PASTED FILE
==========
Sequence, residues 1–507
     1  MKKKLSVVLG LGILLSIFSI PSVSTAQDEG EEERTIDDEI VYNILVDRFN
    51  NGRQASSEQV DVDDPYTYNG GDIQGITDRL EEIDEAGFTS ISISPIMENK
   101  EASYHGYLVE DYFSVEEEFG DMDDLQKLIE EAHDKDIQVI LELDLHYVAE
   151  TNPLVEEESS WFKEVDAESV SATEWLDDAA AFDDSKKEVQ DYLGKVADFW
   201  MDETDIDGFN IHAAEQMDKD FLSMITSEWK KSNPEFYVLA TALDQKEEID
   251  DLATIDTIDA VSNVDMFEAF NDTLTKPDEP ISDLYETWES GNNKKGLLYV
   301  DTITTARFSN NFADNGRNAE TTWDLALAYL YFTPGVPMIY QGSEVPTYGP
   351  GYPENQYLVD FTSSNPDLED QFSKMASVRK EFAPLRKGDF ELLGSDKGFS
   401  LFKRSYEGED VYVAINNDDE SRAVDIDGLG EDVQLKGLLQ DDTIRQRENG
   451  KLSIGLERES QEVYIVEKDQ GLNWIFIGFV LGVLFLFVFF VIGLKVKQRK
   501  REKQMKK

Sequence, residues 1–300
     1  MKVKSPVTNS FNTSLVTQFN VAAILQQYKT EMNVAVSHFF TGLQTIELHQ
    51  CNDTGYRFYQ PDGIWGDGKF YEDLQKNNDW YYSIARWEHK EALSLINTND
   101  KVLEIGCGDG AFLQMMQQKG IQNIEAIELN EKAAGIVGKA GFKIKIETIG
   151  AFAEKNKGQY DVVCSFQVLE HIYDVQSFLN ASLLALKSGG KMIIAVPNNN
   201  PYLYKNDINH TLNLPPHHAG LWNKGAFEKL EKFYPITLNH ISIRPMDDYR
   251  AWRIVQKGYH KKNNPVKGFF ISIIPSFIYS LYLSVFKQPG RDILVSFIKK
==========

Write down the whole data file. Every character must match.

Sequence, residues 1–507
     1  MKKKLSVVLG LGILLSIFSI PSVSTAQDEG EEERTIDDEI VYNILVDRFN
    51  NGRQASSEQV DVDDPYTYNG GDIQGITDRL EEIDEAGFTS ISISPIMENK
   101  EASYHGYLVE DYFSVEEEFG DMDDLQKLIE EAHDKDIQVI LELDLHYVAE
   151  TNPLVEEESS WFKEVDAESV SATEWLDDAA AFDDSKKEVQ DYLGKVADFW
   201  MDETDIDGFN IHAAEQMDKD FLSMITSEWK KSNPEFYVLA TALDQKEEID
   251  DLATIDTIDA VSNVDMFEAF NDTLTKPDEP ISDLYETWES GNNKKGLLYV
   301  DTITTARFSN NFADNGRNAE TTWDLALAYL YFTPGVPMIY QGSEVPTYGP
   351  GYPENQYLVD FTSSNPDLED QFSKMASVRK EFAPLRKGDF ELLGSDKGFS
   401  LFKRSYEGED VYVAINNDDE SRAVDIDGLG EDVQLKGLLQ DDTIRQRENG
   451  KLSIGLERES QEVYIVEKDQ GLNWIFIGFV LGVLFLFVFF VIGLKVKQRK
   501  REKQMKK

Sequence, residues 1–300
     1  MKVKSPVTNS FNTSLVTQFN VAAILQQYKT EMNVAVSHFF TGLQTIELHQ
    51  CNDTGYRFYQ PDGIWGDGKF YEDLQKNNDW YYSIARWEHK EALSLINTND
   101  KVLEIGCGDG AFLQMMQQKG IQNIEAIELN EKAAGIVGKA GFKIKIETIG
   151  AFAEKNKGQY DVVCSFQVLE HIYDVQSFLN ASLLALKSGG KMIIAVPNNN
   201  PYLYKNDINH TLNLPPHHAG LWNKGAFEKL EKFYPITLNH ISIRPMDDYR
   251  AWRIVQKGYH KKNNPVKGFF ISIIPSFIYS LYLSVFKQPG RDILVSFIKK